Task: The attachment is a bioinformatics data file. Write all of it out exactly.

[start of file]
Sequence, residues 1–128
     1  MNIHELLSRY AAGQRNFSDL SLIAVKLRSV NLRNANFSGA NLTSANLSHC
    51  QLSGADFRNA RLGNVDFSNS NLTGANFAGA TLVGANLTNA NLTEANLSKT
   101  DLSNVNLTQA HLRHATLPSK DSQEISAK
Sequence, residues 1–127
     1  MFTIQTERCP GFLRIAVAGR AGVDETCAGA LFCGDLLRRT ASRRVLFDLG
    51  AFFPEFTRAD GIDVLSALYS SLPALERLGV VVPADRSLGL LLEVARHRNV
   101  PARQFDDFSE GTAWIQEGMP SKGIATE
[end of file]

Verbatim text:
Sequence, residues 1–128
     1  MNIHELLSRY AAGQRNFSDL SLIAVKLRSV NLRNANFSGA NLTSANLSHC
    51  QLSGADFRNA RLGNVDFSNS NLTGANFAGA TLVGANLTNA NLTEANLSKT
   101  DLSNVNLTQA HLRHATLPSK DSQEISAK
Sequence, residues 1–127
     1  MFTIQTERCP GFLRIAVAGR AGVDETCAGA LFCGDLLRRT ASRRVLFDLG
    51  AFFPEFTRAD GIDVLSALYS SLPALERLGV VVPADRSLGL LLEVARHRNV
   101  PARQFDDFSE GTAWIQEGMP SKGIATE